nodes • These nodes still have the same capabilities as a normal Redis node, and they can have their own replica sets • Redis assigns "slot" ranges (a.k.a. hash slots) for each master node within the cluster
  8. • Redis comes with some out of the box commands

    to help you manage your cluster setup
  9. • For a given Redis key, the hash slot for

    that key is the result of CRC16(key) modulo 16384, where CRC16 here is the implementation of the CRC16 hash function • Redis clients can query which node is assigned to which slot range by using the CLUSTER SLOTS command
  10. • Gives a managed support for Redis Cluster mode (e.g.

    you don't need to worry about operational handling for resharding, failover, etc.) • Integrates well with our existing infrastructure stack at Deliveroo (e.g. AWS, Terraform, etc.)
  11. • READONLY command enables read queries for a connection to

    a Redis Cluster replica node. • RouteRandomly config option allows routing read-only commands to the random master or slave node. • These configurations allows us to distribute the read load across the master and all replicas in a random way at the cost of potentially increased data consistency gap.
  12. • Having tight timeouts allows us to reduce the impact

    of potential issues with the Redis to the rest of the application • If we know the expectations from the redis cluster in terms of response time, we can tune the timeout to fail early, allowing the rest of the application to keep executing in case of potential issues. • Timeout tuning is a half scientific and half finger in the air process...
  13. • Simple Redis Set command • The client knows which

    node to send this write request to thanks to its Redis Cluster knowledge
  14. • Simple Redis Get command • The contract between write

    and read side the is the userID • Checking on Redis error whether it's of type "redis.Nil" which indicates absence of the key.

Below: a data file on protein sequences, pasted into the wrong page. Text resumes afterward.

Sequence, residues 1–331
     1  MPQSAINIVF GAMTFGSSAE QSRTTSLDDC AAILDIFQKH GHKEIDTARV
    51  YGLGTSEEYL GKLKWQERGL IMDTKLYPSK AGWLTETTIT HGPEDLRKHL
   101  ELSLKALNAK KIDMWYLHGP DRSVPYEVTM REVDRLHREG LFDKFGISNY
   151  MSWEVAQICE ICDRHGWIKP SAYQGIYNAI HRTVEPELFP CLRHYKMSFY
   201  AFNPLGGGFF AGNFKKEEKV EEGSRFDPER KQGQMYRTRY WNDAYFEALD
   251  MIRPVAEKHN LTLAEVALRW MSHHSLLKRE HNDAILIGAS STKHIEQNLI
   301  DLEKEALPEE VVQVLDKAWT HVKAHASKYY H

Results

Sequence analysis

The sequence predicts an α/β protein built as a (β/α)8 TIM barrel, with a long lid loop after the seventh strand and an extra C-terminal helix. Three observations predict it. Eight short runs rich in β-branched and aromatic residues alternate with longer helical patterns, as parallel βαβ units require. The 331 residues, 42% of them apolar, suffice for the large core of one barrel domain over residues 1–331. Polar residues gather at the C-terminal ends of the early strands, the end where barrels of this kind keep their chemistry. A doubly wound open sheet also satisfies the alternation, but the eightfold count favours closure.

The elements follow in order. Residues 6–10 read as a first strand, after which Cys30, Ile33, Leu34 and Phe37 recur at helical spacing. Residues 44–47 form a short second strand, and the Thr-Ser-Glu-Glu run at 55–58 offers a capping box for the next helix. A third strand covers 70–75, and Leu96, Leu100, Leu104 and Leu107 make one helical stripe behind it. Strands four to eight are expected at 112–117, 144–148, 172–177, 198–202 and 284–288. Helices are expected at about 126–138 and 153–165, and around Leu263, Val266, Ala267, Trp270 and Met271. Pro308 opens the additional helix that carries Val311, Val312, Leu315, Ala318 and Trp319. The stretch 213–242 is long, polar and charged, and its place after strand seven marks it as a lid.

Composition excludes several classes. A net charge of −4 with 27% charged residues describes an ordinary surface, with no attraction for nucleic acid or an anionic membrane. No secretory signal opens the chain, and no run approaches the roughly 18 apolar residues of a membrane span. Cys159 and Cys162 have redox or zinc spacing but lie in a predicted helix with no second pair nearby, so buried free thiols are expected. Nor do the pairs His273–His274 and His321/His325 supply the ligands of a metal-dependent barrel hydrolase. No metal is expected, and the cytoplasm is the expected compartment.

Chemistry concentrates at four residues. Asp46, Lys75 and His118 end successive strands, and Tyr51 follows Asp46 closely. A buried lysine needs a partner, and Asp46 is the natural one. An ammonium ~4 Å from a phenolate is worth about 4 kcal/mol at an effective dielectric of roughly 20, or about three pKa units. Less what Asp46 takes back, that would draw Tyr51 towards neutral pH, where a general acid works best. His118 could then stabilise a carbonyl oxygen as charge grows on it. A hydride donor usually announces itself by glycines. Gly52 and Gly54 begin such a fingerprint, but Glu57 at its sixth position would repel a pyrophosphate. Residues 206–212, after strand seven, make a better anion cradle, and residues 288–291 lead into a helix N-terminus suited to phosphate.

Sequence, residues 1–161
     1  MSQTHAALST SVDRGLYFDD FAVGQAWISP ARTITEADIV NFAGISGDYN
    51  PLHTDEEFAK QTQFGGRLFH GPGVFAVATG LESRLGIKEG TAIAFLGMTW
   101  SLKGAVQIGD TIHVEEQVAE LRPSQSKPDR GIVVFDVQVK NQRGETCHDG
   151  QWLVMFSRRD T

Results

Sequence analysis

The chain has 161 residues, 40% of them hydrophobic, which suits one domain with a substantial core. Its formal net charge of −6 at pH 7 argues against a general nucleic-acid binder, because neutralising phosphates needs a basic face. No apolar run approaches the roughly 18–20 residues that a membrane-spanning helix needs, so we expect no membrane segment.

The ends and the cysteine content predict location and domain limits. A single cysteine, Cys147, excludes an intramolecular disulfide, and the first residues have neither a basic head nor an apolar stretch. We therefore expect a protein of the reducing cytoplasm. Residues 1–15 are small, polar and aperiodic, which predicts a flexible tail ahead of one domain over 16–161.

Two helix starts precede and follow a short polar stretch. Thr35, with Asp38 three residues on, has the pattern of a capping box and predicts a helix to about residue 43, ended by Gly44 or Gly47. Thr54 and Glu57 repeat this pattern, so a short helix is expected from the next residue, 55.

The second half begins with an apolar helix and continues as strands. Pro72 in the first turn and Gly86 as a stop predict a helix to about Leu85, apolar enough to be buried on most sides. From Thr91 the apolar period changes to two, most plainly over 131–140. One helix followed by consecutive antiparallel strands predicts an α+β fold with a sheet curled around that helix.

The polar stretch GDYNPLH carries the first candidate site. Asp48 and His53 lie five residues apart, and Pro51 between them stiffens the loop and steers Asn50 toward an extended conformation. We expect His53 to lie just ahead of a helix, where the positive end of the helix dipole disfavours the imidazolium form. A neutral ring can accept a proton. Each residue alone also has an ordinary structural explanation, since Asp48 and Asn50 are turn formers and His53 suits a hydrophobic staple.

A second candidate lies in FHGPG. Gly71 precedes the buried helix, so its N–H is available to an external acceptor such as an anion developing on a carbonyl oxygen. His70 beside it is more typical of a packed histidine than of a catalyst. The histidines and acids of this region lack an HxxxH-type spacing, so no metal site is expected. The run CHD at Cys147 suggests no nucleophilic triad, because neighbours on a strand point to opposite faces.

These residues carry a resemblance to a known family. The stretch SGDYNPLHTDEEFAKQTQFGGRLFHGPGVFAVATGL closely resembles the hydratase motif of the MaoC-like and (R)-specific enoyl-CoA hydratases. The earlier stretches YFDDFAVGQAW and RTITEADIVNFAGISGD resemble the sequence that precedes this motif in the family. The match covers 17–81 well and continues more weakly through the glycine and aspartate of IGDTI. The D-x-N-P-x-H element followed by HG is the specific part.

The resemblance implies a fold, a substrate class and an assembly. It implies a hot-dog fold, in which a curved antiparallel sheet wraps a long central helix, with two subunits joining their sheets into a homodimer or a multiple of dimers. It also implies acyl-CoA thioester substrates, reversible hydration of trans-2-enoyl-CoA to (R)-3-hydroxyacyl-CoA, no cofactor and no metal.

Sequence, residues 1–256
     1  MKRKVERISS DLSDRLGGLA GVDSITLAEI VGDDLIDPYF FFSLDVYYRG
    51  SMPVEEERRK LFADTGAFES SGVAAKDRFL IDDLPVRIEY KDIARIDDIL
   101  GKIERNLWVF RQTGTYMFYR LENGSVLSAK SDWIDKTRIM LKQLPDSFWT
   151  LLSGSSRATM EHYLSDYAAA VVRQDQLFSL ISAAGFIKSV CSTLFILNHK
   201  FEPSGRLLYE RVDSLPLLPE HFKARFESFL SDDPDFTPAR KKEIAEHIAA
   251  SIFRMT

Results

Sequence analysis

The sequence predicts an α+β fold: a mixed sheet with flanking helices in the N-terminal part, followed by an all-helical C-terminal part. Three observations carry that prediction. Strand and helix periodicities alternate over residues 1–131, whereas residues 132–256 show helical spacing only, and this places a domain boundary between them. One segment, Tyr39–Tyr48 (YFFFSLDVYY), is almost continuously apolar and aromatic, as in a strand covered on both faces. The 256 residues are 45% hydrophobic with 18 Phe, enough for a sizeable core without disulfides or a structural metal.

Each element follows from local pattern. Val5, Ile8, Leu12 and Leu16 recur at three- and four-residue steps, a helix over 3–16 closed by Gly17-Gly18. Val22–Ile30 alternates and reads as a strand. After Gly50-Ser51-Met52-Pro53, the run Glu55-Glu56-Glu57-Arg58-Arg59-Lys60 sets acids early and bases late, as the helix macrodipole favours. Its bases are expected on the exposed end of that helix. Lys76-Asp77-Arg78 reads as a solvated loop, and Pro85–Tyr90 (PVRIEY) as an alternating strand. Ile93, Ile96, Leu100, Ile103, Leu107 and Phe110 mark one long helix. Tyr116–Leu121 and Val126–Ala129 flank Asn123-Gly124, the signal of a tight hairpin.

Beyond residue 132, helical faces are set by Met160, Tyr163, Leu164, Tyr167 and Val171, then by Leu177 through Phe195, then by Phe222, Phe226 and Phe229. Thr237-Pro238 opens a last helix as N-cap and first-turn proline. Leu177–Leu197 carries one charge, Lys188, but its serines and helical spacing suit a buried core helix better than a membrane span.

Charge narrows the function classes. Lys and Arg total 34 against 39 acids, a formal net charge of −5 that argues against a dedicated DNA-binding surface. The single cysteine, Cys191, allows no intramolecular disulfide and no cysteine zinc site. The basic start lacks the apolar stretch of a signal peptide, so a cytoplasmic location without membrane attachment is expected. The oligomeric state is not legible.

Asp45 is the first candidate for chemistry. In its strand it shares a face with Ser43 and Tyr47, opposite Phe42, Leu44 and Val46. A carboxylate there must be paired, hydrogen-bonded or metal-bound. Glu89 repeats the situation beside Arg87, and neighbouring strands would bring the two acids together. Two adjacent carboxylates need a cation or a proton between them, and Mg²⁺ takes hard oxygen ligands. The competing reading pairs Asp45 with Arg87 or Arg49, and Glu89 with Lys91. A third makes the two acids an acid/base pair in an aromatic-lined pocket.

15. • Multi-command operations such as MGET can only succeed if

    all of the keys belong to same slot https://www.tugberkugurlu.com/archive/redis-cluster-benefits-of-sharding-and-how- it-works#hash-tags
  16. • Hash tags allow us to force certain keys to

    be stored in the same hash slot. • when the Redis key contains "{...}" pattern only the substring between { and } is hashed in order to obtain the hash slot. https://www.tugberkugurlu.com/archive/redis-cluster-benefits-of-sharding-and-how- it-works#hash-tags
  17. • None of the access pattern needs was requiring us

    to go across city boundary • Therefore, used City ID as the hash tag value
  18. • Same as the write side, we use City ID

    as the hash tag here to influence the shard selection to route us to the same node • Bundling all Redis Get commands within a single TCP connection to improve the performance by saving from the round trip • Pipeline requests run in order but they are not blocking other connections unlike MGET
  19. • Increasing the number of node groups for your Elasticache

    Cluster will kick off an online resharding operation • This will inherit the same number of replications as the other node groups
  20. • You can increase/decrease the replica count independent of the

    shard count • Note that there was a bug on Terraform regarding this but it has been fixed, see github.com/hashicorp/terraform-provider-aw s/issues/6184 https://docs.aws.amazon.com/AmazonElastiCache/latest /APIReference/API_IncreaseReplicaCount.html
  21. 56 Software Engineer - Mid, Senior, Staff-level Engineering Manager Senior

    Software Engineer, Infrastructure Machine Learning Engineer - Mid, Senior, Staff-level Data Engineer Data Scientist - Mid, Senior, Staff-level Data Science Manager Locations: London, Remote UK, Remote Poland See the complete list at https://careers.deliveroo.co.uk/ !